The S&P 500 has generated double digit returns so far in 2023, but the gains have been narrowly focused. Heading into the second half, we will be watching to see whether the rally broadens or the market capitulates.
Investors today probably feel a bit like the joker and the thief from Dylan’s classic, “All Along the Watchtower” – there’s too much confusion, they can’t get no relief. But our Core Equity team believes there is a way outta here – investing in dominant companies that pay growing dividends.
Generating investment income is challenging, especially in the low-yield environment we have been living with for the past decade.
Equity markets have struggled so far in 2022, but in our view the declines are largely due to “The Great Normalization” – the unwinding of the Covid economy that was defined by excess liquidity, unusually high demand, and extremely low interest rates.
In our latest outlook we examine the long-term implications of the pandemic, particularly changes to the labor market and the supply chain, and we discuss why we will be focusing on companies with pricing power in 2022.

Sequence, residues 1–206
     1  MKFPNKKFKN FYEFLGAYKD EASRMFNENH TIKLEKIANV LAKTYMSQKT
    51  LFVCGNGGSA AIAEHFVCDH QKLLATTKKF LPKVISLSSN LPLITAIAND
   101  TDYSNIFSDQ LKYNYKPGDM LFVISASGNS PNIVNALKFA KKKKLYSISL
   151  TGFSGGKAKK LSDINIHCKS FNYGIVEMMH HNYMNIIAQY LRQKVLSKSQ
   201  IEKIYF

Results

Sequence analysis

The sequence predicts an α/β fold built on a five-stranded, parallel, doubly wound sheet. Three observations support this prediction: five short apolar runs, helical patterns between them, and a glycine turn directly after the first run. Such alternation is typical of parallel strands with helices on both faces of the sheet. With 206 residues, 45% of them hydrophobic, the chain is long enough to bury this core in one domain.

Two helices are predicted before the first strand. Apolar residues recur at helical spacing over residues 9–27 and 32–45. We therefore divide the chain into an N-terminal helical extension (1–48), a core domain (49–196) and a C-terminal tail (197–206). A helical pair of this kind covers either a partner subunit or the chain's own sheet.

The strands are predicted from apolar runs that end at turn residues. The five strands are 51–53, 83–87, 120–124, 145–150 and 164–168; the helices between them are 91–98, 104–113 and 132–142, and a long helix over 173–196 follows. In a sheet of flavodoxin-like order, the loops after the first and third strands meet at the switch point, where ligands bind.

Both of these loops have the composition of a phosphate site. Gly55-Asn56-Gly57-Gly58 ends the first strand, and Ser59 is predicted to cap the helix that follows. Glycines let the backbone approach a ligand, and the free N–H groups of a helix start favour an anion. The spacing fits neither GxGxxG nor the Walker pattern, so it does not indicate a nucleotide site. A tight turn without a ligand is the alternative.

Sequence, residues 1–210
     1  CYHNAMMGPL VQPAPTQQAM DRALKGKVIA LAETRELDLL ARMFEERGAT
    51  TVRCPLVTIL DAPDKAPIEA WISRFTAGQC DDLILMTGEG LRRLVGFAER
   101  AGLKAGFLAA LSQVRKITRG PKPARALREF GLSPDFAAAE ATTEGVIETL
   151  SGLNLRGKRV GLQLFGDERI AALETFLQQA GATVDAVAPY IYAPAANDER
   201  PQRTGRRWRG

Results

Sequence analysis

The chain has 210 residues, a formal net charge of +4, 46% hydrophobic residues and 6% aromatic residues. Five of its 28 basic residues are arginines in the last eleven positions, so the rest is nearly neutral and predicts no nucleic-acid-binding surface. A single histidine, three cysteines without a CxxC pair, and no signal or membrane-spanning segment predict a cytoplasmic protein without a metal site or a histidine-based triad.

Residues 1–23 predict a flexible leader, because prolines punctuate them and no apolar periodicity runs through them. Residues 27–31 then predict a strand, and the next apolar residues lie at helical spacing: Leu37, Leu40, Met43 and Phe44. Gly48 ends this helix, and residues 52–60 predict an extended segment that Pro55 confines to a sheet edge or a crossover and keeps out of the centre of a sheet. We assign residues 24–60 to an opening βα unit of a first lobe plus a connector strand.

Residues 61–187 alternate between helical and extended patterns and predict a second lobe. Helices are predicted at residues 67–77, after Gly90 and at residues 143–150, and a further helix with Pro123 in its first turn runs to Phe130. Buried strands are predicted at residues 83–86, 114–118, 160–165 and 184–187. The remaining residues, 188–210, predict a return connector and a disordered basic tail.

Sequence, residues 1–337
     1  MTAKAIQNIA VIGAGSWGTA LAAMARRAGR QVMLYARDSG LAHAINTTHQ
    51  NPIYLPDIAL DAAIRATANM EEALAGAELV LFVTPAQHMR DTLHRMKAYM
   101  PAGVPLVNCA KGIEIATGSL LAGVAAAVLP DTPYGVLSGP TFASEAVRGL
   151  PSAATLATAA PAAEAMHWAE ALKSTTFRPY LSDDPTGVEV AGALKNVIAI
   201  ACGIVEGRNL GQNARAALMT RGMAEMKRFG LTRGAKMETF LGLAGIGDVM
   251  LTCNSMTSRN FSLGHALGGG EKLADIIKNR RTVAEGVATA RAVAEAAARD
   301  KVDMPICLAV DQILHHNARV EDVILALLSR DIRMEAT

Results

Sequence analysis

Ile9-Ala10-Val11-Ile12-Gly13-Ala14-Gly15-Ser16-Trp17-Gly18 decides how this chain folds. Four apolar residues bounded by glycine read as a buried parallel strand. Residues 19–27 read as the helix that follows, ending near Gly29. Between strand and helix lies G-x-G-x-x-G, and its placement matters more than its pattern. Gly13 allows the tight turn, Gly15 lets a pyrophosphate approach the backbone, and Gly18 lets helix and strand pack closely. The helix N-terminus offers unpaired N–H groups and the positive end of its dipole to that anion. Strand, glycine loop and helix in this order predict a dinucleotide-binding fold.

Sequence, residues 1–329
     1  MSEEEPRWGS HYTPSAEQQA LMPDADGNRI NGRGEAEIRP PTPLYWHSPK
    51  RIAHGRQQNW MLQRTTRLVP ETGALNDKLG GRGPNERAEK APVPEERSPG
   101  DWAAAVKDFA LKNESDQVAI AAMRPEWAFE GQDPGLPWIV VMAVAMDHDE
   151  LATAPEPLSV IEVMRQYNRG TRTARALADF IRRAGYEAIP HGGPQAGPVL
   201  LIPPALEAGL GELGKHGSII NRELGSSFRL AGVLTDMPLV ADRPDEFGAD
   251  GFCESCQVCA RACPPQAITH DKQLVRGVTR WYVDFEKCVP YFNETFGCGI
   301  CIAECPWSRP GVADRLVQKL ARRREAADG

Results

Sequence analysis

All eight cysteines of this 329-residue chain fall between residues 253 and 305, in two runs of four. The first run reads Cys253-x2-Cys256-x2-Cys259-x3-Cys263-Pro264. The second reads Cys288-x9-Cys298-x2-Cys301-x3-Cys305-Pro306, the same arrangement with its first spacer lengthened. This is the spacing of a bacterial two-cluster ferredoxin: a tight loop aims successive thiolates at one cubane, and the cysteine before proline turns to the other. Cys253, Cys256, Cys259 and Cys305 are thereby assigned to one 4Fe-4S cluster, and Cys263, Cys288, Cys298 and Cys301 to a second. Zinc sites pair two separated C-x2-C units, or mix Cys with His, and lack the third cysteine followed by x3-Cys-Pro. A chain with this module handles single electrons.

Concerns about inflation and a looming Fed taper weighed on markets during the third quarter, but in our view the post-pandemic economy is well-positioned for extended cycle of capital investment, providing the impetus for broadening economic growth and job creation.
Equities continued to rally in the second quarter, but the market remains undecided about whether the recent uptick in inflation is more likely to be transitory or persistent.
Despite a volatile first quarter, economic fundamentals appear to be improving. We are constructive on the equity market in the near-to-medium term, but we are closely monitoring inflation and interest rates.
Several pundits have raised the possibility that the current Covid-recession will be followed by a boom reminiscent of the Roaring '20s. Although we think that may be a tad too optimistic, we think the recovery will continue and feel “real economy” stocks could fare particularly well.